• Employees who have built their careers around the in-person sale may need additional support. 
  • Employees need to understand why and how this technology will improve their results and relationships with customers.


After choosing an automotive retail software partner and implementing the technology, dealerships will need to follow a plan, which should include:

  • Executing data-driven automotive marketing to target in-market shoppers using first-party data.
  • Delivering dynamic pricing with VIN-specific vehicle offers on dealership websites and across the internet.
  • Adopting a modern business model featuring one-price selling and a single point of contact.
  • Investing in ongoing training to ensure skills stay sharp and customer experience remains a top priority for everyone working at the dealership.

Why You Should Care About Digital Retail

Digital retailing helps everyone involved in the vehicle purchasing process, from car buyers to dealers to dealership employees. With the right automotive digital retail solution, the buying process can be initiated at home and completed in-store in less than an hour, so purchasing a car is no longer an all-day affair. This helps drive dealer profitability in many ways.


“Experience it forward. What employees experience, customers will. The best marketing is happy, engaged employees. Your customers will never be any happier than your employees.”

john-di-julius-headshotJohn DiJulius, Author of The Customer Service Revolution: Overthrow Conventional Business, Inspire Employees, and Change the World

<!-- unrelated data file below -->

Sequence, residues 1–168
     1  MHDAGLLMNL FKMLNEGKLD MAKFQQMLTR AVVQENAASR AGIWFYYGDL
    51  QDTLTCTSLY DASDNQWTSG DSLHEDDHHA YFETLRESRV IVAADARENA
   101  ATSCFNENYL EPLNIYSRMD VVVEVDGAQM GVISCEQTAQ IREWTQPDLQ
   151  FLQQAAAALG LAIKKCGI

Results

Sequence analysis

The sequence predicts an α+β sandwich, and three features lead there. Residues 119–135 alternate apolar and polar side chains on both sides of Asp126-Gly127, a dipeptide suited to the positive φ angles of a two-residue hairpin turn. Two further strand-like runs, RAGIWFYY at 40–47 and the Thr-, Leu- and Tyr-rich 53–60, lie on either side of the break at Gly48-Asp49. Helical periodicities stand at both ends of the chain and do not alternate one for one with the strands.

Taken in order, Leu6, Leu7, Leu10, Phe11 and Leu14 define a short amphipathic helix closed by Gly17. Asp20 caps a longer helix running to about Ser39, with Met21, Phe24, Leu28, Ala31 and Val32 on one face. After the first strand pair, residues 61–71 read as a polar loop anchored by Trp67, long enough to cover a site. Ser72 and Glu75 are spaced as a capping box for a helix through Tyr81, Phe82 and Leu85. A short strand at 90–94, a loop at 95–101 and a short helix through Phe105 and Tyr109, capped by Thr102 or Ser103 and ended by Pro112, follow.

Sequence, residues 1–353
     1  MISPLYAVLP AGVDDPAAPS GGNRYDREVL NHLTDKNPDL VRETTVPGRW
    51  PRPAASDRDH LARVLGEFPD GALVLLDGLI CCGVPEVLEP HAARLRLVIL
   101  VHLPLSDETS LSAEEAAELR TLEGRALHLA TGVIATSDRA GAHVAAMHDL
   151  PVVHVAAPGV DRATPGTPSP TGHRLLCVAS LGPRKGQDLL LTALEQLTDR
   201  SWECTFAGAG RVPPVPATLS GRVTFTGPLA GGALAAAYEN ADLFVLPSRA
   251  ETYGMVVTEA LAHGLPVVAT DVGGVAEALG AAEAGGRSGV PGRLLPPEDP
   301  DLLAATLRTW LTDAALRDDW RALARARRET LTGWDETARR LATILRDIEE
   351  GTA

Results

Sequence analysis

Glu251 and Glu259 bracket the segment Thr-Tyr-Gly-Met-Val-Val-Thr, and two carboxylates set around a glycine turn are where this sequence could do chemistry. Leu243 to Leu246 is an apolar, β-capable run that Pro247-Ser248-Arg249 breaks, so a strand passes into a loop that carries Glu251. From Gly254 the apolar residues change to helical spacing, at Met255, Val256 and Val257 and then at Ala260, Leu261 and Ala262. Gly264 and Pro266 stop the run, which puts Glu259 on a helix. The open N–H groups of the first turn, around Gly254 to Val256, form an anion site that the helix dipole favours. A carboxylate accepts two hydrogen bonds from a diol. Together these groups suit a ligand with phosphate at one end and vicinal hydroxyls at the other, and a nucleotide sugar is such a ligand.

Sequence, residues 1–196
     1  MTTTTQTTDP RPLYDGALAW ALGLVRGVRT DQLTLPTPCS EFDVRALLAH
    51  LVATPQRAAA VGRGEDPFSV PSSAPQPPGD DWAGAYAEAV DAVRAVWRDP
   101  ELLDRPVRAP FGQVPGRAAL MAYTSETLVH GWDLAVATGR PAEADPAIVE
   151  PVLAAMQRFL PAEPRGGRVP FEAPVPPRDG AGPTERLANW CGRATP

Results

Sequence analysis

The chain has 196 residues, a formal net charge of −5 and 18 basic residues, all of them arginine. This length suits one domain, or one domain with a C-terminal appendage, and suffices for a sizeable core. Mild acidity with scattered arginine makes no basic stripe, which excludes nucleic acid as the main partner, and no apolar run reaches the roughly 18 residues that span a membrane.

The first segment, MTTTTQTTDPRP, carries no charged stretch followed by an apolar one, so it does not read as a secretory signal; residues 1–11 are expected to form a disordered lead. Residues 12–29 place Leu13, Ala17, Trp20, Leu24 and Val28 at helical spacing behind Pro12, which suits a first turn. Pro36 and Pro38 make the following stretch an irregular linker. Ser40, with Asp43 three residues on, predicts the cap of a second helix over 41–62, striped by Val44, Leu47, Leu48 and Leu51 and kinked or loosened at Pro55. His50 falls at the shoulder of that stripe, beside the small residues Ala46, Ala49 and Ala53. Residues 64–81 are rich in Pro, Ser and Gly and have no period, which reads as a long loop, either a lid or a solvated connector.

Benefits of Digital Retail for Auto Dealers

In fact, car dealers that have made a move to digital retailing are already reaping the rewards. Here are some of the benefits of automating the car buying process for dealerships:

  • Improved customer trust
  • Streamlined processes
  • Improved employee morale
  • Increased sales
  • Increased sales margins
  • Expanded customer reach
  • Control of the purchase process

Automating the car-buying process is not just a benefit for dealership owners but for the entire organization. Employees embrace the move to automation because it removes many arduous, time-consuming tasks that they and their buyers would have to complete to close a deal. 

As the saying goes, time is money. Eliminating administrative tasks and shortening the sales cycle gives salespeople more time to close even more deals.  

The Bottom Line: Digital Retail Is Evolving

Digital retailing isn’t just evolving — it’s the future of automotive sales.

With most of the car-buying process online, we’ve come a long way in the history of automotive retailing. Rapid changes in technology will continue. At some point a full eCommerce solution will be available; however, that is still years away from readiness. Dealerships that adopt the right digital retail, point-of-sale, and dealership marketing and pricing technologies and process now will benefit the most.